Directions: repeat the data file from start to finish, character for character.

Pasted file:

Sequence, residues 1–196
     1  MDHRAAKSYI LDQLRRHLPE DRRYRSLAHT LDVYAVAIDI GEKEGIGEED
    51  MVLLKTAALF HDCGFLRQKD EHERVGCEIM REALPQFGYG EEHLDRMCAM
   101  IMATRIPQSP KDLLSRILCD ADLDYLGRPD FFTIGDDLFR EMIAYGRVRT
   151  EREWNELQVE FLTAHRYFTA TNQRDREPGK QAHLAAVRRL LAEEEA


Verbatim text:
Sequence, residues 1–196
     1  MDHRAAKSYI LDQLRRHLPE DRRYRSLAHT LDVYAVAIDI GEKEGIGEED
    51  MVLLKTAALF HDCGFLRQKD EHERVGCEIM REALPQFGYG EEHLDRMCAM
   101  IMATRIPQSP KDLLSRILCD ADLDYLGRPD FFTIGDDLFR EMIAYGRVRT
   151  EREWNELQVE FLTAHRYFTA TNQRDREPGK QAHLAAVRRL LAEEEA